Since Helium has been made artificially cheap due to the Helium privatization act, it is popularly believed to be a cheap gas and is wasted a lot. Instead of using it up for important things, we consume it by filling up party balloons, distort voices and other entertaining activities. In fact, the warning issued by the Nobel Prize winner Robert Richardson that Helium could be depleted within a generation, seems to have had no effect on us. We still continue to waste a lot of Helium, release it into the air and keep losing it forever. Not many realize that it is a non-renewable resource.

We have almost reached a crisis already, but it was temporarily averted by the congress. In the future, after about 6-7 years, when the Federal Reserve stops supplying it (at below-market prices), it could be a big problem. I’m not very optimistic about market adjusting within such a small span either. In under a decade, we’ll probably see smart-phone prices, optical fiber prices and health care (MRI scans etc.) prices shoot up precipitously due to this artificial market distortion, if we do not start using Helium properly.

Plasma Speakers

by Anupum Pant

Not many would have heard of speakers other than those which use magnetic materials to produce sound. But if you still haven’t heard about Plasma speakers or ionic plasma tweeters, you are really missing something great. Read on for more.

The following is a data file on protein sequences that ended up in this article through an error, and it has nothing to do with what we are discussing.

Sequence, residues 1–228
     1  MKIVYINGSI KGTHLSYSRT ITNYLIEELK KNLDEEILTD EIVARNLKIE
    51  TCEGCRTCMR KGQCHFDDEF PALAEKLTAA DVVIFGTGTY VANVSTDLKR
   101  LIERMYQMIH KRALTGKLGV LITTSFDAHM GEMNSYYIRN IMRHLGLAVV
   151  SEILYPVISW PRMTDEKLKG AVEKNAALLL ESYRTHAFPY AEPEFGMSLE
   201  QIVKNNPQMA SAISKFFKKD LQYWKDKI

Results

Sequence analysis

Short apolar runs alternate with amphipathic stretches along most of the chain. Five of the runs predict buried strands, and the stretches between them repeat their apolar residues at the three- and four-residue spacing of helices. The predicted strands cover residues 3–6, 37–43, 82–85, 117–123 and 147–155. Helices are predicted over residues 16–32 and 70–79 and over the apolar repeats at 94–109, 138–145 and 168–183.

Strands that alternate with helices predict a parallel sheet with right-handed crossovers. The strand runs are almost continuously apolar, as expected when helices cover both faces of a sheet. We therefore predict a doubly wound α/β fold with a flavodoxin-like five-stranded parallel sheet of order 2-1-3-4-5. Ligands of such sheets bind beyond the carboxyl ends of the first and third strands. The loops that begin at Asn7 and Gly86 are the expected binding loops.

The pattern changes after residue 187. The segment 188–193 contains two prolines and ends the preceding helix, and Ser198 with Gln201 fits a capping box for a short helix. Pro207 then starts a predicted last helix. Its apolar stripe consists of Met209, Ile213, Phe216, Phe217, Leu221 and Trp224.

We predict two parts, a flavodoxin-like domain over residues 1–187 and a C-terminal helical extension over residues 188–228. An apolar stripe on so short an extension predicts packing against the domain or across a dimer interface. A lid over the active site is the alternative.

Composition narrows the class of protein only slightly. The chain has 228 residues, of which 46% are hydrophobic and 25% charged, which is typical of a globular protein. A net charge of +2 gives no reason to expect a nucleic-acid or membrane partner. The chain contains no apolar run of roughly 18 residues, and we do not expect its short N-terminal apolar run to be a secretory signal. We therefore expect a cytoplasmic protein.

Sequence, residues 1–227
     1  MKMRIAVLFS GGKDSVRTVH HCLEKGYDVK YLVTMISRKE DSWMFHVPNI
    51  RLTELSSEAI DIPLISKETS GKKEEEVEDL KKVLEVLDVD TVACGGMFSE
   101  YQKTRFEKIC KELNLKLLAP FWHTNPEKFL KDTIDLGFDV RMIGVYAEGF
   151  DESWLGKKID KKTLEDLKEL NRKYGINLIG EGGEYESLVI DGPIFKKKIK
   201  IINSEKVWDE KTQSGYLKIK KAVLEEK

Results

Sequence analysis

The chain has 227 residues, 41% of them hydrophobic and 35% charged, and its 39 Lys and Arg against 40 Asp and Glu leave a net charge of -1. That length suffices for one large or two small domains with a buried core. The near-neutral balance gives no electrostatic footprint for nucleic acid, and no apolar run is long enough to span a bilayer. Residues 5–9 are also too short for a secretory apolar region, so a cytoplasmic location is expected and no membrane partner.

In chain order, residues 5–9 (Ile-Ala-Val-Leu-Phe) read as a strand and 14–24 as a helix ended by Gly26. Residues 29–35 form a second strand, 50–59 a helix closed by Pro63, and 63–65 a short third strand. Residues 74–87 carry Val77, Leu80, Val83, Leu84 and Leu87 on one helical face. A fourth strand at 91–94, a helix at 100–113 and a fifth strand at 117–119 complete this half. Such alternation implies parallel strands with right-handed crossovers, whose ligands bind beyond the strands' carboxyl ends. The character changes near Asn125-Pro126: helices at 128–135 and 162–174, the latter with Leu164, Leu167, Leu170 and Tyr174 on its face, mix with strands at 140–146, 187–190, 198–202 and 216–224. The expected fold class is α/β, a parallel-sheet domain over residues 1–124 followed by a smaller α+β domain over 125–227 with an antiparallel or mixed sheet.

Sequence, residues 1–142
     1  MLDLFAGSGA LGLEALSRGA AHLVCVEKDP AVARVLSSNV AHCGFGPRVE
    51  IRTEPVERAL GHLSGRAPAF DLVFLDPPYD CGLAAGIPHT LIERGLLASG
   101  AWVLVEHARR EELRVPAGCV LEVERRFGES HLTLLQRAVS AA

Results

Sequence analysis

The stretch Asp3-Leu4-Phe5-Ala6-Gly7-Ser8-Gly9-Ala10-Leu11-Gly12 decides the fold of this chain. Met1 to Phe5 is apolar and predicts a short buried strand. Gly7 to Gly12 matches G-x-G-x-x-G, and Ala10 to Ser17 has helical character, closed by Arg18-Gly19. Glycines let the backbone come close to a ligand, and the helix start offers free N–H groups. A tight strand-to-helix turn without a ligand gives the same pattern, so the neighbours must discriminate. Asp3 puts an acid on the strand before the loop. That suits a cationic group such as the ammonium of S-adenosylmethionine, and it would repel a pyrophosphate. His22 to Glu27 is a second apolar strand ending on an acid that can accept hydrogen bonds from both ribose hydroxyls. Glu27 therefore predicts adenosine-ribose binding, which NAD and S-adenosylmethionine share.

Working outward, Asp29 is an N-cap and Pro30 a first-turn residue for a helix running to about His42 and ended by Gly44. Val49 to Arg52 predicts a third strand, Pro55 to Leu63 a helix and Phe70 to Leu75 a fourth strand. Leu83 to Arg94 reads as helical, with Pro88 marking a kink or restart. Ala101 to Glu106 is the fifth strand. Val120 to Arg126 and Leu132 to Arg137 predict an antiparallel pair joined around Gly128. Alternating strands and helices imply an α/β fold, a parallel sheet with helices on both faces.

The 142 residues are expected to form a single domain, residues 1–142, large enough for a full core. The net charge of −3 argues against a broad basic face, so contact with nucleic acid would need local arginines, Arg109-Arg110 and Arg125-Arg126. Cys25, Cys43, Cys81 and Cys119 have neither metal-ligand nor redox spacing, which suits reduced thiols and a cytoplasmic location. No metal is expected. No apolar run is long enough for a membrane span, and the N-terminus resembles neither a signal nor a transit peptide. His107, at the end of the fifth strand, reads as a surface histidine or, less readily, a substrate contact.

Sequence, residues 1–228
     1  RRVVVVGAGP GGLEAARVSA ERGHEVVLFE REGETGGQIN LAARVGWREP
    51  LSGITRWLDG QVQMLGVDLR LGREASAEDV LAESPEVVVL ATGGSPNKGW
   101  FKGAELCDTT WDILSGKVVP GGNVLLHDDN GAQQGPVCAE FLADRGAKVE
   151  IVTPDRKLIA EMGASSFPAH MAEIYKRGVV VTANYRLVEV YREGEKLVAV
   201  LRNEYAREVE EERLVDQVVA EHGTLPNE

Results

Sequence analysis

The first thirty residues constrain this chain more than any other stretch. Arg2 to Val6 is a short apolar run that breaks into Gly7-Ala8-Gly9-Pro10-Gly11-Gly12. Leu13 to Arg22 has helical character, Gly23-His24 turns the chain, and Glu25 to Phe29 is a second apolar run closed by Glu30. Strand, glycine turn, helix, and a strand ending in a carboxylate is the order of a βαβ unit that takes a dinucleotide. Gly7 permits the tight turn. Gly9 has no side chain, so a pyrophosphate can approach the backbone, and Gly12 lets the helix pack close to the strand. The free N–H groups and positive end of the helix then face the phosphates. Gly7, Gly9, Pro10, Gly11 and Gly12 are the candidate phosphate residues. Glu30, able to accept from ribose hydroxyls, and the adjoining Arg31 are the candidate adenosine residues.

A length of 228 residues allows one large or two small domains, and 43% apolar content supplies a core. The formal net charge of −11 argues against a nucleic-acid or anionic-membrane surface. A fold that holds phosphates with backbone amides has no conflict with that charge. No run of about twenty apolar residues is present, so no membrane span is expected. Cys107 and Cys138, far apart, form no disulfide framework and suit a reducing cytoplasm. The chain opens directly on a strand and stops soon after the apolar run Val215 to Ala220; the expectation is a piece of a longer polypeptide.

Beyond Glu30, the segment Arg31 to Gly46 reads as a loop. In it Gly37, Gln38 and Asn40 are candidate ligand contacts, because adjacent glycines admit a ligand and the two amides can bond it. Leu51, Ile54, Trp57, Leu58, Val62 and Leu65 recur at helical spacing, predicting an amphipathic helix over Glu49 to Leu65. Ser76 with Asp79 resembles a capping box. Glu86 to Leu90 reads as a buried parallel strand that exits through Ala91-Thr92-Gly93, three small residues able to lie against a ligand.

About Plasma Speakers

I talked about sound a few days back and mentioned that it is something that propagates through a medium due to pressure changes. Normally, magnetic speakers create these pressure waves by moving a diaphragm with the help of a varying magnetic field. But, plasma speakers do this by varying the air pressure through a high energy electric arc. This arc is produced by ionizing the gas present in between two terminals (ionizing reduces the electrical resistance of air which creates a visible arc).

These speakers use an extremely high energy arc which also increases the temperature of surrounding volume of gas to very high levels. So, before learning anything about them, the first thing you have to know is that these seemingly harmless things can kill you.

The Dangers

Plasma speakers are not toys. Old men, people with heart problems, kids etc should stay away from them. Even if an adult is handling them, they need to be informed about what they are doing first. It is better to have someone close who knows well, how these things work. Although the commercially available speakers are fairly safe, DIY kits can prove to be fatal. The kind of dangers involved with these devices: